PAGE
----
Objective

The goal of this project was to review best management practices for maintaining clear roads at extremely low temperatures and develop some cost effective strategies for achieving and maintaining bare/dry roadway conditions in extreme temperatures.

Results

The final report compiled strategies for winter maintenance during extreme cold that have been used by DOTs and other jurisdictions.

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Developing a Training Video for Field Testing of Deicing Materials

Deicing Testing VideoProblem

State DOTs spend millions of dollars per year on snow removal and deicing activities. In order to meet level of service requirements under increasing budget and environmental constraints, DOTs need to be able to determine the “best value” for both chemical and mechanical snow/ice removal practices.

Objective

Clear Roads had previously developed a step-by-step Field Guide for Testing Deicing Chemicals to support the evaluation of deicing chemicals by DOT staff. Clear Roads wanted to develop a step-by-step instructional video to accompany it that would demonstrate the three levels of field testing that can be performed to determine the effectiveness of a deicing chemical.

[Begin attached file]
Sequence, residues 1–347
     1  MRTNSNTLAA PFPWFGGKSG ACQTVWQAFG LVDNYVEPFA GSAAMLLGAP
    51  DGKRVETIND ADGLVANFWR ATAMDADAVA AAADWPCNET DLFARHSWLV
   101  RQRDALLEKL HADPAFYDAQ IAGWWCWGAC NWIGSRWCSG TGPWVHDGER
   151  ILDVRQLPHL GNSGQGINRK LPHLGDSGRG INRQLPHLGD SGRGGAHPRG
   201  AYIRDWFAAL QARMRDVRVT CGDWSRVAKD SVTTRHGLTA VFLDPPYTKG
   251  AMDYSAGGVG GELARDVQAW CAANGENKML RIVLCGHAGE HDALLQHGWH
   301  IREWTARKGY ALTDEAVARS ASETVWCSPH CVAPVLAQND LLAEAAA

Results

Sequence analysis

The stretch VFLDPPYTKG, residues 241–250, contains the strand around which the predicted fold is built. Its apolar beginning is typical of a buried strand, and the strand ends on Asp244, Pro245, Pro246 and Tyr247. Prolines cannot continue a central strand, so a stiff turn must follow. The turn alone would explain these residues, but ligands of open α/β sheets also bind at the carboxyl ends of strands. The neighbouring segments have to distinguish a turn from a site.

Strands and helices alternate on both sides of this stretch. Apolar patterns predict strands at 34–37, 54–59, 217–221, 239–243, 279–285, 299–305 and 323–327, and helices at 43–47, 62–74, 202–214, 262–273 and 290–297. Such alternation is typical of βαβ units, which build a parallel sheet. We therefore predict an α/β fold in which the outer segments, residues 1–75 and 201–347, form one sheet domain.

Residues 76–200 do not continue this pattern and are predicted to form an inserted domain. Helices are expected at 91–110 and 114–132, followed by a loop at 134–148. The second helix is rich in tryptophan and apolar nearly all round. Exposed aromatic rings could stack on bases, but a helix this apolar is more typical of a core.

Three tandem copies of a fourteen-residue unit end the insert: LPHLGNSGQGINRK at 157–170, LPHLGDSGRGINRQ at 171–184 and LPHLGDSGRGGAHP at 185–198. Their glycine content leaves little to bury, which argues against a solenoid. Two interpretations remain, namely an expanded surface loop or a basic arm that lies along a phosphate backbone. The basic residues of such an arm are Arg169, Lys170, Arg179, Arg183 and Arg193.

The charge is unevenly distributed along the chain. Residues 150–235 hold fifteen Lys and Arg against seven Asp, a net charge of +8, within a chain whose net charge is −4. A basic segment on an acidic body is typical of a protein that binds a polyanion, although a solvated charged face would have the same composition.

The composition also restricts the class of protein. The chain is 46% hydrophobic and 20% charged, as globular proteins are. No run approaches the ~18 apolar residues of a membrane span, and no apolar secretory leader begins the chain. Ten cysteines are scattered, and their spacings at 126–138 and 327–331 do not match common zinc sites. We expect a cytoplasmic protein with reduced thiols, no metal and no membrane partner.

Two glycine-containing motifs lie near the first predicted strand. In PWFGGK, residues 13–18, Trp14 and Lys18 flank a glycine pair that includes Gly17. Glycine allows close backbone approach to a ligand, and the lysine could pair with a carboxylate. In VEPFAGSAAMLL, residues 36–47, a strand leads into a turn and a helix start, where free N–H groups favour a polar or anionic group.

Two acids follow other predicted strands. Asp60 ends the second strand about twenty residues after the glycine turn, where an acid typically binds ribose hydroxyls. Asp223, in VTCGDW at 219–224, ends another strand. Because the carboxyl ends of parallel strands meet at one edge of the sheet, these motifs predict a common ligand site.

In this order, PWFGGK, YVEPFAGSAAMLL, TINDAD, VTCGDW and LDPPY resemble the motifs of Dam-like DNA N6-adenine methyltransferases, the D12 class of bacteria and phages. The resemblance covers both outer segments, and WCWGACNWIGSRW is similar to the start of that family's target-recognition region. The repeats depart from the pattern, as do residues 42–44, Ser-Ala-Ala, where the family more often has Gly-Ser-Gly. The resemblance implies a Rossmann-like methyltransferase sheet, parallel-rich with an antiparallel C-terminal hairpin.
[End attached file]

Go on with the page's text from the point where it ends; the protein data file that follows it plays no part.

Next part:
Results

The result of this project is a DVD that has been distributed to state DOTs for use in training their maintenance staff on basic field testing. In addition, the video is available on the Clear Roads website and YouTube.

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Mapping Weather Severity Zones

Weather Severity Mapping

Problem

State DOTs need a better way to compare their operations with other states with similar weather severity in order to identify opportunities for reducing spending that will not negatively impact level of service.

Objective

The goals of this research were to analyze weather severity in the snow and ice states and develop a methodology to map weather severity across the regions and states.

Results

A series of maps that depict winter weather severity across the U.S. in a manner similar to the plant hardiness zone maps used for agriculture. The weather data was compiled from the National Weather Service and Federal Aviation Administration from 2000 to 2010. 

See the article in the September 2013 Winter Maintenance supplement of Roads & Bridges magazine.